Rain, rain, go away! April's OVER! Now it's MAY! But the showers continue, day after day. Sigh!
I've begun to run out of shoes that aren't soggy, but I laced the driest ones up this past Monday to dash off to nearby Bog Meadow Brook Nature Trail, hoping to fit in a walk between showers. And I nearly did, the rain holding off until I had only a few hundred yards left to dash to my car under a downpour.
This is an old photo of the west end of this two-mile-long trail, before it was raised and paved a couple of years ago to compensate for beaver-caused flooding of the trailside wetland.
But this photo still shows the birch-lined section of trail where I search for Nodding Trillium (Trillium cernua) each May. This lovely native wildflower hides beneath the trailside shrubs, and it's always a good idea to locate their early shoots, before the ferns and grasses grow high enough to disguise them.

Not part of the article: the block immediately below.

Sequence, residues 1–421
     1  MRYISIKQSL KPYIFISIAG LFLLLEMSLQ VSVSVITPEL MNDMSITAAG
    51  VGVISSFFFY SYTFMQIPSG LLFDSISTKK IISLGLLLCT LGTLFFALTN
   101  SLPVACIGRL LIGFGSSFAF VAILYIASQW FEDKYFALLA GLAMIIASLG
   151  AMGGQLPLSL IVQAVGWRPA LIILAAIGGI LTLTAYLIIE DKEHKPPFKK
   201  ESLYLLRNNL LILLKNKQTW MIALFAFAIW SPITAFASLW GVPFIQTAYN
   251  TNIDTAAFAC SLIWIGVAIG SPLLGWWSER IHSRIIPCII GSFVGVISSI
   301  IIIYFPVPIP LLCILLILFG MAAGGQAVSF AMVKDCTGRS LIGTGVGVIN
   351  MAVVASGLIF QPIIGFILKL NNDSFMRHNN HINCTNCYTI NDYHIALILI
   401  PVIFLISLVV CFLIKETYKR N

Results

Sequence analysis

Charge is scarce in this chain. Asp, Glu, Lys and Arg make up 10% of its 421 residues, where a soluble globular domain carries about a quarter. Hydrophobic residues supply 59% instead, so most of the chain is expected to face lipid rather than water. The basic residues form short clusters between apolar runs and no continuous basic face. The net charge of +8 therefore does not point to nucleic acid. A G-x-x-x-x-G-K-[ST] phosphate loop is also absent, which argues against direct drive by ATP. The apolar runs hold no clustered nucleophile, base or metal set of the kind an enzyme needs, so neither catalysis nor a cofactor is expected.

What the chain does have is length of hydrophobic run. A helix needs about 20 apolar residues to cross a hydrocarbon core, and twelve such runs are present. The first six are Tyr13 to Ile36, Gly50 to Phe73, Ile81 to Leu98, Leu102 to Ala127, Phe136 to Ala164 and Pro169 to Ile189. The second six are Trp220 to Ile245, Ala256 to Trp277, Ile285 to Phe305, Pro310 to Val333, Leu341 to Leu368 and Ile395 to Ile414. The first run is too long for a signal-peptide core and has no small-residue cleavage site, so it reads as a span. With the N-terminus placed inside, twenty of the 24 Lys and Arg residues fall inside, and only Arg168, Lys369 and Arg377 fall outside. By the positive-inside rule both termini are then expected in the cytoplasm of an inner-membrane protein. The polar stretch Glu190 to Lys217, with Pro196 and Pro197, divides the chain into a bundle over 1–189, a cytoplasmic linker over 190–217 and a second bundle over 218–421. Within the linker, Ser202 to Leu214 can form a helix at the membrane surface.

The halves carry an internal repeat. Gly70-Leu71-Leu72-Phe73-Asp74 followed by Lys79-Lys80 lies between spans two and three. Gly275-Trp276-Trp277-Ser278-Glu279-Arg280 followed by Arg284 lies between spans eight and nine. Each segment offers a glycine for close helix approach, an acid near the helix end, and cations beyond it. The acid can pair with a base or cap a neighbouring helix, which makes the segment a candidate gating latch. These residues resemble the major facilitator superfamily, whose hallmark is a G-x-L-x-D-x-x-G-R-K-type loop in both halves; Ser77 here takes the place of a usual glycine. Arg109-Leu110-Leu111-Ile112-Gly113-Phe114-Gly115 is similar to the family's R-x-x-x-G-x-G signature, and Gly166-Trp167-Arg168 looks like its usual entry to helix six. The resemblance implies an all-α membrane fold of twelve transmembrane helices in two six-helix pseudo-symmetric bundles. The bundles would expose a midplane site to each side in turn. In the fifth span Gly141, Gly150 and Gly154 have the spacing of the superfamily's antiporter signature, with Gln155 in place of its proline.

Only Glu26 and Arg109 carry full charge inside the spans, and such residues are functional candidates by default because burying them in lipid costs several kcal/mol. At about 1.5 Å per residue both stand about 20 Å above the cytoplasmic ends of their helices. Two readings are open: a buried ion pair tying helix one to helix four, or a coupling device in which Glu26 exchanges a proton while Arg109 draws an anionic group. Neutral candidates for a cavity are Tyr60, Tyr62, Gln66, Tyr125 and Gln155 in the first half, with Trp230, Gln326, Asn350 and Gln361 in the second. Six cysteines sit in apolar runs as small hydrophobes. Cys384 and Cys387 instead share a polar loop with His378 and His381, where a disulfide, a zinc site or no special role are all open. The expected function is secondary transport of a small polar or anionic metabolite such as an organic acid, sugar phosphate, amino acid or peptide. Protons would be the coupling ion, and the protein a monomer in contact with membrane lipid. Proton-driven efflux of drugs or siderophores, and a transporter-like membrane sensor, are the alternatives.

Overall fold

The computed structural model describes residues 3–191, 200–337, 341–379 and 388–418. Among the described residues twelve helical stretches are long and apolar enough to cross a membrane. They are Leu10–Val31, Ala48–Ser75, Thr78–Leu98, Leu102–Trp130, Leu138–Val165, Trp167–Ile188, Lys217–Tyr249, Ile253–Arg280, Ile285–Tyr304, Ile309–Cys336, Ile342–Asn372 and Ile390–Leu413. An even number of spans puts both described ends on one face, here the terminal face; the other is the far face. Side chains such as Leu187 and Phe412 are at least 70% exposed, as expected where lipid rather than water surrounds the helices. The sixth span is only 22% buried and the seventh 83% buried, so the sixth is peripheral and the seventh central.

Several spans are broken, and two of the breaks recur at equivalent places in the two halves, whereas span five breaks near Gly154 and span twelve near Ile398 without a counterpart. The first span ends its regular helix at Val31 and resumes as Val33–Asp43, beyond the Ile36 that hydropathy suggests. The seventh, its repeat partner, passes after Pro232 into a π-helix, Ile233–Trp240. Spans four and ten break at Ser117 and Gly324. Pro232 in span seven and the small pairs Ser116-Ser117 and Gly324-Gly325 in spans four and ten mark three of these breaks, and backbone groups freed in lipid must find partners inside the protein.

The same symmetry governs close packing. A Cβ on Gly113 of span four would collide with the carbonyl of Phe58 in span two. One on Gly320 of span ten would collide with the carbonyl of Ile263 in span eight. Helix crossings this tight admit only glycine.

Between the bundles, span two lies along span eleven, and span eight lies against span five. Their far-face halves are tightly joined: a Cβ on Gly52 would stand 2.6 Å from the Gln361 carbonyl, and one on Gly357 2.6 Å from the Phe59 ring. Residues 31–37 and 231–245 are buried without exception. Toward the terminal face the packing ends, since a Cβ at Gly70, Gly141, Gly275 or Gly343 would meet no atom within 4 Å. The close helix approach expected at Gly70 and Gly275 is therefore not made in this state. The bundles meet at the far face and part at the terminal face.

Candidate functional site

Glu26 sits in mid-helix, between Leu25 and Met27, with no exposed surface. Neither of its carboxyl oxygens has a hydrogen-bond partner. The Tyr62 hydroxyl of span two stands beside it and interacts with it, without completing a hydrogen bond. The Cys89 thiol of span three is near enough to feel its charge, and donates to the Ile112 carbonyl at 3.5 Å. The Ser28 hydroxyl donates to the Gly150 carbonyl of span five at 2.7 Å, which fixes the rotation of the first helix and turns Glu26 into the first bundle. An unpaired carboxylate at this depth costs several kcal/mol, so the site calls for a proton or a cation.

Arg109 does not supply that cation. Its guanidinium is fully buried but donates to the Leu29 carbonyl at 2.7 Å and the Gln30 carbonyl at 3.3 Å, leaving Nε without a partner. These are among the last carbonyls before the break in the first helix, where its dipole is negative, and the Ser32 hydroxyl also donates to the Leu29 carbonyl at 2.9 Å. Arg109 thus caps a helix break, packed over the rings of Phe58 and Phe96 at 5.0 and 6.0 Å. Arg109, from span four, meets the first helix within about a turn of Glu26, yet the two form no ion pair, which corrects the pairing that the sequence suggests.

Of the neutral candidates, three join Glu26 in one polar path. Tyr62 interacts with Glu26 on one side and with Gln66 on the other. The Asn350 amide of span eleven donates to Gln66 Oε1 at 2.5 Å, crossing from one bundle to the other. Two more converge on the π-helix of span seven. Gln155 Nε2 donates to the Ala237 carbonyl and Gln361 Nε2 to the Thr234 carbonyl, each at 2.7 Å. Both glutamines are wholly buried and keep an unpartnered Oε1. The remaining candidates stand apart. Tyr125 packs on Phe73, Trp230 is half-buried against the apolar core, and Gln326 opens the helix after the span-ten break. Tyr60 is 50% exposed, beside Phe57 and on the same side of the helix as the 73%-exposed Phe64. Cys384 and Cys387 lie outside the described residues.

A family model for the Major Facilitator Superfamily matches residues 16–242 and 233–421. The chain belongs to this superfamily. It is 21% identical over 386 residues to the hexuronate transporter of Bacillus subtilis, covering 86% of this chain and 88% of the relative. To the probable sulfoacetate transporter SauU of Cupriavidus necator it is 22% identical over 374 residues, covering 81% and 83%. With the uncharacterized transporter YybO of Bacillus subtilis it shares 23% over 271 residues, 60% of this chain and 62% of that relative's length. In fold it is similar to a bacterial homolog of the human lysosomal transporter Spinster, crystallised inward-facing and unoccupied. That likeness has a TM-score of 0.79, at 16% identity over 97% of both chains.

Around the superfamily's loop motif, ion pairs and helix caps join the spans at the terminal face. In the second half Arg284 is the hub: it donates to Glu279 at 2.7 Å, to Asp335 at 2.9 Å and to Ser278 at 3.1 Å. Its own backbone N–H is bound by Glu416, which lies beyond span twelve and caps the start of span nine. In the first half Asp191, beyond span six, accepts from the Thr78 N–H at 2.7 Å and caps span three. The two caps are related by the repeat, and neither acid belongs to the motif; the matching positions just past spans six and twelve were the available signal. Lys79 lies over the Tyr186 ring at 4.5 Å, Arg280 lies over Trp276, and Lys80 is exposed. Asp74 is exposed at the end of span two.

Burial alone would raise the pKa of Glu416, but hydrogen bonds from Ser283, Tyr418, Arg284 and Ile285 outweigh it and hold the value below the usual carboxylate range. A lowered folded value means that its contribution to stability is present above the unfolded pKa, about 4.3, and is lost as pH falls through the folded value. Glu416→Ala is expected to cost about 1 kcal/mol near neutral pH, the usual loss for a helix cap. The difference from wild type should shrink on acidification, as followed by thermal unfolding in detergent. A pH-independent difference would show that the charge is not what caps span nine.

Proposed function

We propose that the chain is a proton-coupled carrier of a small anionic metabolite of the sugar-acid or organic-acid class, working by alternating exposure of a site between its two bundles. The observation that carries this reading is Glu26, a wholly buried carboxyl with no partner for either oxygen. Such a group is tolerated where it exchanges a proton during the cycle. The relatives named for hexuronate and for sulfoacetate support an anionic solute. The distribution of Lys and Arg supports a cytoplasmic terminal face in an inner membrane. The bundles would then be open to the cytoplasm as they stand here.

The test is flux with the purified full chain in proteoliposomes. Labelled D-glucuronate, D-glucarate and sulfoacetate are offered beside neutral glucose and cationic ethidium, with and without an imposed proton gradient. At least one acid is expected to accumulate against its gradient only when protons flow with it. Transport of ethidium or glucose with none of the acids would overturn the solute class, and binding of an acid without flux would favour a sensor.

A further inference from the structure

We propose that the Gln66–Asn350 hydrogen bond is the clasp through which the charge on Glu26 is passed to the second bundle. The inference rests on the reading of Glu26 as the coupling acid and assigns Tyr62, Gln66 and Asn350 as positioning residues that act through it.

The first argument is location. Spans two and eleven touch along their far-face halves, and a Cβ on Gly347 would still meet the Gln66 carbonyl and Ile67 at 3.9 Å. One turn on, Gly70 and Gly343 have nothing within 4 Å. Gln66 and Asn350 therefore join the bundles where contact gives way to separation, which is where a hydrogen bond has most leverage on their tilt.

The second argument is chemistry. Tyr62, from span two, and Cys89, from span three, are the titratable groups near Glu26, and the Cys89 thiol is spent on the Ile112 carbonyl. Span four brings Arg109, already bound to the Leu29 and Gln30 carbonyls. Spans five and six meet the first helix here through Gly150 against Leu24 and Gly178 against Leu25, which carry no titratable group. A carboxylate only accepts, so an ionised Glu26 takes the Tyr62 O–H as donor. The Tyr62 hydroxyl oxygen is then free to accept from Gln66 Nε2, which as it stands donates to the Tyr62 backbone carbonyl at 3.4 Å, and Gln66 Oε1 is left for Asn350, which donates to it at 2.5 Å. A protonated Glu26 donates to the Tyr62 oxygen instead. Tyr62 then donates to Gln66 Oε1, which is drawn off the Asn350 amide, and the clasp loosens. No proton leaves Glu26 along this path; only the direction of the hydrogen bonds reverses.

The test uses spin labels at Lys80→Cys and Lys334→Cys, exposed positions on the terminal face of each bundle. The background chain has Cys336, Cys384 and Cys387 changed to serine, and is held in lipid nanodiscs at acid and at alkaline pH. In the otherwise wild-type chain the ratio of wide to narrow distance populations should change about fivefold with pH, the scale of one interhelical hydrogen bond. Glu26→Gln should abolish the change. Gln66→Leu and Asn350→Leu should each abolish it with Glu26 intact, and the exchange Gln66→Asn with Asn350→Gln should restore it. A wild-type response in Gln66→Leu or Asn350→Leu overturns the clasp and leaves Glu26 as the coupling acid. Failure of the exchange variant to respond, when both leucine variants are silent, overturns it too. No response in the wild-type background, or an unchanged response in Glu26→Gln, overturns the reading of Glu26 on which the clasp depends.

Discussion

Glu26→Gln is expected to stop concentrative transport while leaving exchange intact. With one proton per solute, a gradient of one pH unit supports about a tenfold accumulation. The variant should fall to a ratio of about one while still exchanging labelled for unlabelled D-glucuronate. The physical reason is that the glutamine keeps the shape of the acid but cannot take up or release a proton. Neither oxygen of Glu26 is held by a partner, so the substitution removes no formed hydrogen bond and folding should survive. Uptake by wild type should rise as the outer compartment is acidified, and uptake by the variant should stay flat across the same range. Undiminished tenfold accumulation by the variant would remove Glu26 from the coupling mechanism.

I didn't really expect to find the Nodding Trillium blooming yet, but considering how cold it has been of late, I was surprised to see them as far advanced as I did, with swelling buds atop fully expanded leaves. (The flower buds will dangle beneath the leaves when they actually open.)
But I never could have missed the masses of Dog Violets (Viola labradorica) that carpeted the grass by the side of the trail. The flowers are such a pale lavender they almost appear to be translucent, which helps to distinguish this native species of violet from the much-deeper-purple Common Blue Violet. Another distinguishing feature is that these violets bear leaves on their flower stems (the Common Blues have basal leaves only), and the stipules that wrap the leaf nodes are sharply toothed.